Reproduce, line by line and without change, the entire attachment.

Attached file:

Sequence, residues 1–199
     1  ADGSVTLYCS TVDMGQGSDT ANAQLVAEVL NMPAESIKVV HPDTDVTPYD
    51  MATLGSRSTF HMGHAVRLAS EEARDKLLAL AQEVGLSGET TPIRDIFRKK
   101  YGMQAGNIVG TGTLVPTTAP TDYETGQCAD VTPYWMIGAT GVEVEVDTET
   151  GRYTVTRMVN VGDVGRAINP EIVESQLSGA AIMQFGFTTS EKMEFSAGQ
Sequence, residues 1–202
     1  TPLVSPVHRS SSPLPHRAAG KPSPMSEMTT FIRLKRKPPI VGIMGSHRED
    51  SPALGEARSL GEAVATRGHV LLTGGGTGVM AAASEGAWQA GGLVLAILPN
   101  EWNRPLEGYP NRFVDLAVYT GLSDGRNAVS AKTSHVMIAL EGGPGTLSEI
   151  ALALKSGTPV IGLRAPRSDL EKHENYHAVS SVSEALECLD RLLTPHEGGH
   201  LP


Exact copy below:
Sequence, residues 1–199
     1  ADGSVTLYCS TVDMGQGSDT ANAQLVAEVL NMPAESIKVV HPDTDVTPYD
    51  MATLGSRSTF HMGHAVRLAS EEARDKLLAL AQEVGLSGET TPIRDIFRKK
   101  YGMQAGNIVG TGTLVPTTAP TDYETGQCAD VTPYWMIGAT GVEVEVDTET
   151  GRYTVTRMVN VGDVGRAINP EIVESQLSGA AIMQFGFTTS EKMEFSAGQ
Sequence, residues 1–202
     1  TPLVSPVHRS SSPLPHRAAG KPSPMSEMTT FIRLKRKPPI VGIMGSHRED
    51  SPALGEARSL GEAVATRGHV LLTGGGTGVM AAASEGAWQA GGLVLAILPN
   101  EWNRPLEGYP NRFVDLAVYT GLSDGRNAVS AKTSHVMIAL EGGPGTLSEI
   151  ALALKSGTPV IGLRAPRSDL EKHENYHAVS SVSEALECLD RLLTPHEGGH
   201  LP